Students living in England are subject to University Tuition fees of up to £9,250 per year.
The reality now is that if you are planning a three year undergraduate course, taking into account the education fees, accommodation fees, and maintenance fees, a graduate student is looking at costs of circa £18,000 – £20,000 per year for University education.
If planning is conducted from birth, potentially using Junior ISAs as a core benefit, with an allowance currently of £4,260 pa parents or grandparents could have committed £76,680 over 18 years in Junior ISA contributions, which with reasonable investment returns, should have generated a fund of somewhere between £120,000 – £150,000. These funds could then be drawn on to help finance University education.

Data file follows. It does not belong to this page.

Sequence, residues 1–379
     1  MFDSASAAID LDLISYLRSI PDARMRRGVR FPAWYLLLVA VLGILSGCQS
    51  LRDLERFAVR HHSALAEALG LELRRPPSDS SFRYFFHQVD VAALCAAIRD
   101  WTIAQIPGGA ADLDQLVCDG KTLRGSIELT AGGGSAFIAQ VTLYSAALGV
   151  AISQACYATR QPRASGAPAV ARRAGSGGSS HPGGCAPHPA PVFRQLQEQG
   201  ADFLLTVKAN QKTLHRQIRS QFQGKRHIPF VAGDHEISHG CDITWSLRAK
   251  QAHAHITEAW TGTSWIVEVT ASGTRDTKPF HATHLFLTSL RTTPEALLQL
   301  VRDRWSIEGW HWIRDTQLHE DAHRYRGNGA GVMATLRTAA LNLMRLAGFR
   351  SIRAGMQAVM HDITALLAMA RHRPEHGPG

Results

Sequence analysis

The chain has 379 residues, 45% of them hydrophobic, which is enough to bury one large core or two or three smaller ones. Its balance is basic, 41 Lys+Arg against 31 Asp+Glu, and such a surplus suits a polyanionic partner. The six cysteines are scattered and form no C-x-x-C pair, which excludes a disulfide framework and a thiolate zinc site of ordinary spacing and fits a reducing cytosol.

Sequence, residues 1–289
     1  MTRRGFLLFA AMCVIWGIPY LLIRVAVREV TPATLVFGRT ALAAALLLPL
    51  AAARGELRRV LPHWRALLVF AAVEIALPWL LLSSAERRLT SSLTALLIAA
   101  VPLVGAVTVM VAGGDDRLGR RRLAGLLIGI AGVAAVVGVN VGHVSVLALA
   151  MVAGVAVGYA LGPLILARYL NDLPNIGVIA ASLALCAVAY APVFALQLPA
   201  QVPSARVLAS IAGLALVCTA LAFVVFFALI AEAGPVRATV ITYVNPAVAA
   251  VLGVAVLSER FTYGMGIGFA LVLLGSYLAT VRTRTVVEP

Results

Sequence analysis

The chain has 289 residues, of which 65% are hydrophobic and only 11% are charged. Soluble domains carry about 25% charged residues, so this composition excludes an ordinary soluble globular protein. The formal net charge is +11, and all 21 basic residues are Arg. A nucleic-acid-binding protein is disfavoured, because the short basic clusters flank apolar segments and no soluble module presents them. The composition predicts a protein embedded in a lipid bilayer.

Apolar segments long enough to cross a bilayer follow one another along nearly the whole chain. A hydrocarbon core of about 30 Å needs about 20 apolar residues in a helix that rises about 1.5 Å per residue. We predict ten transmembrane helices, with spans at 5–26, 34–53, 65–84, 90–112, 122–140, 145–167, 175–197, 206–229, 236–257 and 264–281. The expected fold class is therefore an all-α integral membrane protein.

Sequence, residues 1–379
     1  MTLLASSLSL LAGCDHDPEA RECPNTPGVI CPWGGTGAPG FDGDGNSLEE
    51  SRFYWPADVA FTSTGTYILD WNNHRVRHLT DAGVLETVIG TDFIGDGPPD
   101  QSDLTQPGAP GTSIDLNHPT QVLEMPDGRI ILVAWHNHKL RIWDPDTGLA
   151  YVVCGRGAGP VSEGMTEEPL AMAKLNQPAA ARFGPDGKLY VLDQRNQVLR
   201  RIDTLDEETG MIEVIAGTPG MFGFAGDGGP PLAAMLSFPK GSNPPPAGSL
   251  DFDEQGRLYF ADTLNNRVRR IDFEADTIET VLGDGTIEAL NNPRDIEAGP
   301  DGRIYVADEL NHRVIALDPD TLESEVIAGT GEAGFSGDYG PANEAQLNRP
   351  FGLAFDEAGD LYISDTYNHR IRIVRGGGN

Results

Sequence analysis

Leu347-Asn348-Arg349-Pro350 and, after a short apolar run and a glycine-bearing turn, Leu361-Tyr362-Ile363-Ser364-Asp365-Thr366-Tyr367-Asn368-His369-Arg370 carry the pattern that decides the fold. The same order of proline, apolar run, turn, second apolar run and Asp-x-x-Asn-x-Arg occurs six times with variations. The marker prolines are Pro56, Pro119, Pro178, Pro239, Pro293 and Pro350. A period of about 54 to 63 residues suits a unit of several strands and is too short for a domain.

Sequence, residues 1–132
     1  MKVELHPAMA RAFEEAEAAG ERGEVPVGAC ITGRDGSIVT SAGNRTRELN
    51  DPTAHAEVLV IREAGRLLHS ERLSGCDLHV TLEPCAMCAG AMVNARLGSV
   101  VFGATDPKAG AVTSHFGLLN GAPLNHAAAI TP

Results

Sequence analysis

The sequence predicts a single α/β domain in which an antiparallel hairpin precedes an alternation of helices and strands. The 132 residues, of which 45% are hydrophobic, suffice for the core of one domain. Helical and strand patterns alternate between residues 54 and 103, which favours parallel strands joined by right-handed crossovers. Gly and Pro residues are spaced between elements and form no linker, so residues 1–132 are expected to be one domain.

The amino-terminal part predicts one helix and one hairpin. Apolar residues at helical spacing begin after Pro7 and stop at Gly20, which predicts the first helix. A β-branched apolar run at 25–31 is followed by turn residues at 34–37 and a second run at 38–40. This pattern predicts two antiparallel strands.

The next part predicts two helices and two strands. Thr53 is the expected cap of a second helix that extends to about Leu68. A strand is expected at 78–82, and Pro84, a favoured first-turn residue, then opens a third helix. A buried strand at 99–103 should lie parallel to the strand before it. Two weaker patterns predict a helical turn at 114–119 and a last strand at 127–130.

For those students that elect to borrow money to fund University education, it is now not uncommon to leave University with a debt of circa £75,000 after a three year course, if all education maintenance and accommodation fees are borrowed.
Unfortunately, the government have a debt repayment schedule with interest rates tied to the UK retain price index (RPI). Interest on debt is currently charged at 6.3% pa, and is repayable once individuals are earning more than £25,000 pa.
If you are employed, the money will be collected by your employer who will take 9% of your income above the £25,000 threshold through the U.K. tax system (Pay As You Earn – PAYE). If you are self-employed you will pay it back via HMRC self-assessment scheme.
The attached guide entitled ‘Student Finance Guide 2018/19’ provides a complete summary of student finance and is published by Which.